Farewell to co-director Jackie

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Another year ends, a new one begins. At the close of 2016 we say farewell to co-director Jackie, who is retiring – we wish her well. Here, Jackie reflects upon work, feminism and her hopes for the future.

Why did you get involved with women’s rights?

I was inspired by the second wave of feminism, specifically by reading The Female Eunuch by Germaine Greer when I was in my teens.  It felt amazing that there was a whole tribe of women feeling the same anger!  I then got involved in developing and promoting women’s studies as a subject in colleges and universities with a group of feminists in London.  Our slogan was “the personal is political” and I still believe and live by that.

What would you consider a highlight of your career?

It felt a real privilege to find myself working with YWCA Scotland at a point in my career where I could offer a great deal of experience of organisational leadership and change matched with my deeply held feminist principles and values.  It’s been fantastic working with women of all ages in the movement to re-ignite our 160 year old organisation for the 21st century.  It’s a highlight to be able to retire and hand over the lead to a young woman under 30 who will confidently take it forward into the next phase. Throughout my career, I have seen it as important to challenge the structures that privilege men over women so I have worked to redefine leadership and to support and mentor other women, rather than join the “boys club” which exists in every sector of work.

You’ve campaigned for change for years now, and sadly we don’t always get the results we want – how have you combatted emotional fatigue?

I’ve been a champion of change all my life.  Sometimes it’s hard but I couldn’t accept the status quo even when tired.  I guess my antidote to burn out is having strong female friendships where we support each other and know each other well.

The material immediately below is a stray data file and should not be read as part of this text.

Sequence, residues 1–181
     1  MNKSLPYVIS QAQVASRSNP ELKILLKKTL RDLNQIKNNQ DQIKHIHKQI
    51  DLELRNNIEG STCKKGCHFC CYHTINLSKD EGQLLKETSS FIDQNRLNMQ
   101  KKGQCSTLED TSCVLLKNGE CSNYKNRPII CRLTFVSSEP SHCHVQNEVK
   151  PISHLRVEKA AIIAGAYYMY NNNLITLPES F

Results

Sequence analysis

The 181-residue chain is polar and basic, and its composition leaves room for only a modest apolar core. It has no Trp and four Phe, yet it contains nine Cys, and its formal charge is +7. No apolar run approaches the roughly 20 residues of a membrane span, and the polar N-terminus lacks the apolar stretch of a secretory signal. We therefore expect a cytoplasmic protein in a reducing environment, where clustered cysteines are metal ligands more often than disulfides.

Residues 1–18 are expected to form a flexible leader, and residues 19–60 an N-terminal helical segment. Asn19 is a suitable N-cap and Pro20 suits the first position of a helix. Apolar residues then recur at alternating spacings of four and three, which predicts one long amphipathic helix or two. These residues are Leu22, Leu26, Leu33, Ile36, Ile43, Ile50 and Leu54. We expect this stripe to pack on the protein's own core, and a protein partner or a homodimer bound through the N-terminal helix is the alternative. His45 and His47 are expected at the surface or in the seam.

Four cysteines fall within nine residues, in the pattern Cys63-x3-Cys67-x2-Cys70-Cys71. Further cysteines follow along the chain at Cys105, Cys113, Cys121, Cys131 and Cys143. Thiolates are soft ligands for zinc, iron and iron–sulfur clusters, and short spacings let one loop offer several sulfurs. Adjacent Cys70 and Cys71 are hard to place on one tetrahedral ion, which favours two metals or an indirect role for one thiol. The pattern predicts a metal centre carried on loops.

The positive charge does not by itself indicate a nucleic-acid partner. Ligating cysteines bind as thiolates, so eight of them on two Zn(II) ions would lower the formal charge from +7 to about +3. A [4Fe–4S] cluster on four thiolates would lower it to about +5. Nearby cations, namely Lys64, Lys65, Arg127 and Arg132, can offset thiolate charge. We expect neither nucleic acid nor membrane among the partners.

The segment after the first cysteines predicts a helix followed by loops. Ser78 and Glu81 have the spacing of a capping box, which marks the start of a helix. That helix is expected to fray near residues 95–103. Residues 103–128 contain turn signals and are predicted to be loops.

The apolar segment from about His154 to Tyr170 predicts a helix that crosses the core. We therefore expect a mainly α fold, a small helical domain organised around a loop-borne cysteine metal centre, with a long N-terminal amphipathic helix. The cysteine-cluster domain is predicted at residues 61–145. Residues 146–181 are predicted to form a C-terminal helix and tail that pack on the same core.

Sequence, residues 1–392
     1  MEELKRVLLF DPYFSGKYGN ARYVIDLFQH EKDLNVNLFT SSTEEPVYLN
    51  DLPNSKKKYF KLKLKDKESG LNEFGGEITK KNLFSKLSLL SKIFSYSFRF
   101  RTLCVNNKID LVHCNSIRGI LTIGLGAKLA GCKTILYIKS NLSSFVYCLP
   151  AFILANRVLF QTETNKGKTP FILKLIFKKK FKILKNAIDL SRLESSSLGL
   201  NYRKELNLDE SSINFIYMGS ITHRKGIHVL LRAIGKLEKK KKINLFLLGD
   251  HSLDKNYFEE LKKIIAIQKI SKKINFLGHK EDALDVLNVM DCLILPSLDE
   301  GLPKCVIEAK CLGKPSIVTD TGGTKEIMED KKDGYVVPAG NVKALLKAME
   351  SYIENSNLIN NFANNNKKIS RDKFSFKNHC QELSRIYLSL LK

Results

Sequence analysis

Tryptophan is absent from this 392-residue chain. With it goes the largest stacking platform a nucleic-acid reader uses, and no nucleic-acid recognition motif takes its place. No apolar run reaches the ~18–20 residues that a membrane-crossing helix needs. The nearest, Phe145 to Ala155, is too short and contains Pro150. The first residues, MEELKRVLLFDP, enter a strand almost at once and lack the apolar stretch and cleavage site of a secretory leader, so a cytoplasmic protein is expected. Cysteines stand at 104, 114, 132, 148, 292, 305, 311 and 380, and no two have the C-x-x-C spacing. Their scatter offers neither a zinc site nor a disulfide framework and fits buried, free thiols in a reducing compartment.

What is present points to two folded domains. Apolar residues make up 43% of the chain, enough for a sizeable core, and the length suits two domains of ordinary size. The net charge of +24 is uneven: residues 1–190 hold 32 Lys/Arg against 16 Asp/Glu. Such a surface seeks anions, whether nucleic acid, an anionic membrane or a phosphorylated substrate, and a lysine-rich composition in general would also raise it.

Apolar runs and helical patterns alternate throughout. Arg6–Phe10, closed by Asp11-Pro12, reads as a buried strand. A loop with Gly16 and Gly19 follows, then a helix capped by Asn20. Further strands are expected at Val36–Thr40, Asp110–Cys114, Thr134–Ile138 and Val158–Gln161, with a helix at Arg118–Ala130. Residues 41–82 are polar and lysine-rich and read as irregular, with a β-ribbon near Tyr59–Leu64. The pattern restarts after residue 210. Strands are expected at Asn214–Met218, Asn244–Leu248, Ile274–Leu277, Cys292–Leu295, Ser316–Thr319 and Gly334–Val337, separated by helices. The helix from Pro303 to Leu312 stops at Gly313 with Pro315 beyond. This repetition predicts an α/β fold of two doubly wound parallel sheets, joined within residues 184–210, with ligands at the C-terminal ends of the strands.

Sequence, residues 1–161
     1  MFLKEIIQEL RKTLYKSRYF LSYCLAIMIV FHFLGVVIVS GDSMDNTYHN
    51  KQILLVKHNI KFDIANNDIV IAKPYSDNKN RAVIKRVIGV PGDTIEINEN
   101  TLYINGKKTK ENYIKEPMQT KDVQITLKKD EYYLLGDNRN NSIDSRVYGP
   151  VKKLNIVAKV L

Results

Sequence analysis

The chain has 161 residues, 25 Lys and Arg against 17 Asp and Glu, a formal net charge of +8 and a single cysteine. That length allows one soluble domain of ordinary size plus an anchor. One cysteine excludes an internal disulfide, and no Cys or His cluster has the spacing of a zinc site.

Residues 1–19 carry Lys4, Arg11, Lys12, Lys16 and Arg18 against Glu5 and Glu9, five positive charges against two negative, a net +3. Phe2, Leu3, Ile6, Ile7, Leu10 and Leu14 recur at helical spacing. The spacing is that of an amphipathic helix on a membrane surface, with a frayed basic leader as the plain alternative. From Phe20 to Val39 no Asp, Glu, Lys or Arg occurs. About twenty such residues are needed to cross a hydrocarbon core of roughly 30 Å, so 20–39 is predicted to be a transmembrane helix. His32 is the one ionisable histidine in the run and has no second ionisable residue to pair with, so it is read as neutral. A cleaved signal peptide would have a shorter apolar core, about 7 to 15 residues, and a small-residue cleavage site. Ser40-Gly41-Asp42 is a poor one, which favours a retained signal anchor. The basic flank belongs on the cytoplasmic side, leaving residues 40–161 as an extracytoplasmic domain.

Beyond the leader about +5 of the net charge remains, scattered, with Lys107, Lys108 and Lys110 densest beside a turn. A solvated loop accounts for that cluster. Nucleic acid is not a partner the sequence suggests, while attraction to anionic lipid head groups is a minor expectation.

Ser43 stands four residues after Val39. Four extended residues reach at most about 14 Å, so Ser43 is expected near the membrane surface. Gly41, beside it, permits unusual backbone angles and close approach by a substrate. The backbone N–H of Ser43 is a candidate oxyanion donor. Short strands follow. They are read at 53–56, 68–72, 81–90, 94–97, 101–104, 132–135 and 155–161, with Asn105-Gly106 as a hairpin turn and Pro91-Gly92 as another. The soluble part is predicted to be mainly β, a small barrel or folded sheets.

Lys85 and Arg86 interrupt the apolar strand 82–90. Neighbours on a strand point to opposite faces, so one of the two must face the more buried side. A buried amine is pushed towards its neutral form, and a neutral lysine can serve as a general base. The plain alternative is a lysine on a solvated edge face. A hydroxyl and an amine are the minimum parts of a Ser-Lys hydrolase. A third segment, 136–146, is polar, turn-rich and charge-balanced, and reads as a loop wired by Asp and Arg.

We pride ourselves on YWCA Scotland being an intergenerational movement, what does that mean for you?

I feel inspired by the optimism of younger women and their determination to break through the glass ceilings. I think it’s important to listen to and learn from each other.  I’ve learned masses from working with younger women and have shared my books, ideas and experiences with the women I work with.



What is the first thing you will do on your first day off work?

Enjoy a good book, a long walk and dinner with a friend.

What piece of wisdom do you believe every young woman needs to know?

That women’s space is a place of strength and support.

What book do you believe every young feminist should read?

Mary Daly’s Gyn/Ecology

What will you miss the most about working for the YWCA?

The commitment that unites us, and the great team spirit.

One of our highlights of intergenerational working has been exploring social media together across different generations of women within the YWCA movement. Call us biased, but Jackie is now a Twitter pro! Keep in touch with her on Twitter @jackie_scutt. We look forward to hearing what you get up to in the near future, Jackie, keep in touch!

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